As we all know, the past few years have been extremely difficult. With the more common occurrence of mental conditions already on the rise before COVID-19, the need for psychological counseling has further increased following the pandemic’s despair, fear, and separation.
With that said, in times of emotional difficulty, many people turn to the church or personal religion for comfort and direction. However, despite the presence of mental health issues, many Christian churches still have a stigma connected to mental disorders.
The prevalent culture of silence, combined with false expectations and wrong attitudes, frequently makes struggling believers feel embarrassed, condemned, and alone in their battle with a mental condition.
Moreover, the inability to recognize how the Gospel is closely related to the nature of the brain and heart is a significant element that leads to religious communities not being receptive to accepting mental health and mental illness as genuine concerns.
Beginning in the book of Genesis, mental health and the roots of mental disease are intertwined throughout the Bible. One terrible outcome of this conflict was Abel’s death at the arms of his sibling Cain.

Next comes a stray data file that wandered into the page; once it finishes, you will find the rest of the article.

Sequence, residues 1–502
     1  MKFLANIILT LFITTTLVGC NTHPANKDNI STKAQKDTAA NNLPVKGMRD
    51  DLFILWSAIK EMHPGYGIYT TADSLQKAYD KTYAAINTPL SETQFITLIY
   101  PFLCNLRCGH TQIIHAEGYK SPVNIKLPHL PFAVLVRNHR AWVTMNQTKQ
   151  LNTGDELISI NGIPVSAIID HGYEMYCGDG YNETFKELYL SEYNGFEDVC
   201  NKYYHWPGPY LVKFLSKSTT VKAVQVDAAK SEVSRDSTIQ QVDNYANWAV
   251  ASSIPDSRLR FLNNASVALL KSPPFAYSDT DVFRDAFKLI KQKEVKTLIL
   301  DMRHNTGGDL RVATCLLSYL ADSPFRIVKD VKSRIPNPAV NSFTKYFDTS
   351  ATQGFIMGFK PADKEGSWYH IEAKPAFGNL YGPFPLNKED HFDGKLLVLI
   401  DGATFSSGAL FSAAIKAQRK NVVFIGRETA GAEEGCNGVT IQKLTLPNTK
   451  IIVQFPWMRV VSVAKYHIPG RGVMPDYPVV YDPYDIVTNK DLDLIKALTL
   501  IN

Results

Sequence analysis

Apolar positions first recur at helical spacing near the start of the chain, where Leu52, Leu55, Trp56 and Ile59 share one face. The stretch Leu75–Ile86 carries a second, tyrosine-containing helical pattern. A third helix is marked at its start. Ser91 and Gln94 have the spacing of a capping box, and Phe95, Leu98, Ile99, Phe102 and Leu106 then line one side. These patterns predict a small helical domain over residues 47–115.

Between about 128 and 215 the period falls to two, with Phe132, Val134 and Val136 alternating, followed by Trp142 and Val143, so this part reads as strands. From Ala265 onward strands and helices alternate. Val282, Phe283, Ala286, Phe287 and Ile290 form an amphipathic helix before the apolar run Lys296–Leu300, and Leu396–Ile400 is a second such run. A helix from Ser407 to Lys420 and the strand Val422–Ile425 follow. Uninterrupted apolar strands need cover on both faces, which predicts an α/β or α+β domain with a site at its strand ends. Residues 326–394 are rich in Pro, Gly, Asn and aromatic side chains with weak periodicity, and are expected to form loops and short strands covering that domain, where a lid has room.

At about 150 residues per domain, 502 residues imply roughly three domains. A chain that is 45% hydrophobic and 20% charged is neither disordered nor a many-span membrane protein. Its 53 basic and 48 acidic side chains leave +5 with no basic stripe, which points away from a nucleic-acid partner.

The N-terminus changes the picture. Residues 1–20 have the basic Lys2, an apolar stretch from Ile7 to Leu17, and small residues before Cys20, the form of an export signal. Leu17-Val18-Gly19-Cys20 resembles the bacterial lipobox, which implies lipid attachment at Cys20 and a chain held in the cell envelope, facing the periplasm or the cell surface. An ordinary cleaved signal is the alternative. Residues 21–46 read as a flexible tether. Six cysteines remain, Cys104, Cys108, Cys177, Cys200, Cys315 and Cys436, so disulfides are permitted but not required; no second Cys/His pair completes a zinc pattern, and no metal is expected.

Unfortunately, the Bible does not explain our original parents’ feelings after learning of Abel’s murder. However, because sadness is a natural part of the grieving process, they most certainly suffered some melancholy.
Other examples of what we would term mental disease may be found throughout the Bible. Likewise, following the spectacular display of God’s might on Mount Carmel, Elijah replied to Jezebel’s threat of death with worry and sadness.
Overall, we cannot deny that decades of immoral, harmful thinking and lifestyle have resulted in pain in many of us. In the same way that Jesus came to provide sight to the blind, a qualified counselor must assist us in seeing ourselves as we are.
With that said, the life of Jesus and His love for fallen humanity fulfills the Bible. The message of God’s love is as healing now as it was centuries ago for people whom Jesus touched.